The Study of Motivation

  • John M. Keller


Motivational design, the central topic of this book, provides a bridge between the study of motivation and the practice of enhancing or modifying people’s motivation. On one side of the bridge are concepts, theories, and principles resulting from the study of human motivation, and on the other side are procedures, successful practices, and design processes that have resulted from the work of designers and practitioners whose aim is to improve learner motivation. Frequently, this bridge is represented as being one way as in the expression, “from theory to practice,” which suggests that scientists discover basic principles and practitioners apply them. However, the process is not nearly so linear; that is, it is not possible to prescribe a direct application to practice for every motivational principle that has been empirically supported, and not every successful practice can be explained by a particular motivational concept. Thus, the bridge is two way. Designers and practitioners learn from the work of researchers and create ways of incorporating that knowledge in practice, and researchers can learn from observing relationships in contexts of application which then provide a basis for theorizing and testing. A primary purpose of this book is to bring the two sides of the bridge together. Even though there are many individuals who have specific motivational talents and there is an enormous amount of research on human motivation, there has been little systematic guidance for those who are trying to learn how to be more predictably effective in motivating their learners. A primary purpose of this book is to provide such guidance in the form of a motivational design process; that is, it consists of a general model of design that is grounded in motivational theory but also incorporates systematic audience analysis based on the primary components of human motivation to diagnose specific motivational problems that exist in a given situation. Then, the results of this analysis lead to the design and/or selection of motivational strategies that are compatible with the learners, instructors, and learning environment.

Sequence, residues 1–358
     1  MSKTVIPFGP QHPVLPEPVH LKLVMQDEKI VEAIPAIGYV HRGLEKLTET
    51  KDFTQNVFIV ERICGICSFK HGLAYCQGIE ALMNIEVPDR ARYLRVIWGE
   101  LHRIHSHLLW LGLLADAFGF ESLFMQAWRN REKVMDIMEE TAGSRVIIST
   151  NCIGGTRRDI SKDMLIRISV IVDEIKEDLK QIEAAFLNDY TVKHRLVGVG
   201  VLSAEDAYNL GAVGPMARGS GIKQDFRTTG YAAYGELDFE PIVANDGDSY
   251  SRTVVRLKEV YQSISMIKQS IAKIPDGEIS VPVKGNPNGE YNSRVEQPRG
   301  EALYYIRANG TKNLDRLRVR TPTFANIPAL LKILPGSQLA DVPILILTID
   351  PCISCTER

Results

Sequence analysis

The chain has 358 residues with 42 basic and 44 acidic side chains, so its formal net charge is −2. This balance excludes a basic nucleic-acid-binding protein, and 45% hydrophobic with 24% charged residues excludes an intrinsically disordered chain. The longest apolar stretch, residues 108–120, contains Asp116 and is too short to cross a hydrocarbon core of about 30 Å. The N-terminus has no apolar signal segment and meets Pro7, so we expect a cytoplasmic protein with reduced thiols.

Extrinsic Motivation Human Motivation Current Intention Motivational Strategy Affective Domain 
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Copyright information

© Springer Science+Business Media, LLC 2010

Authors and Affiliations

  1. 1.Instructional Systems ProgramFlorida State UniversityTallahasseeUSA

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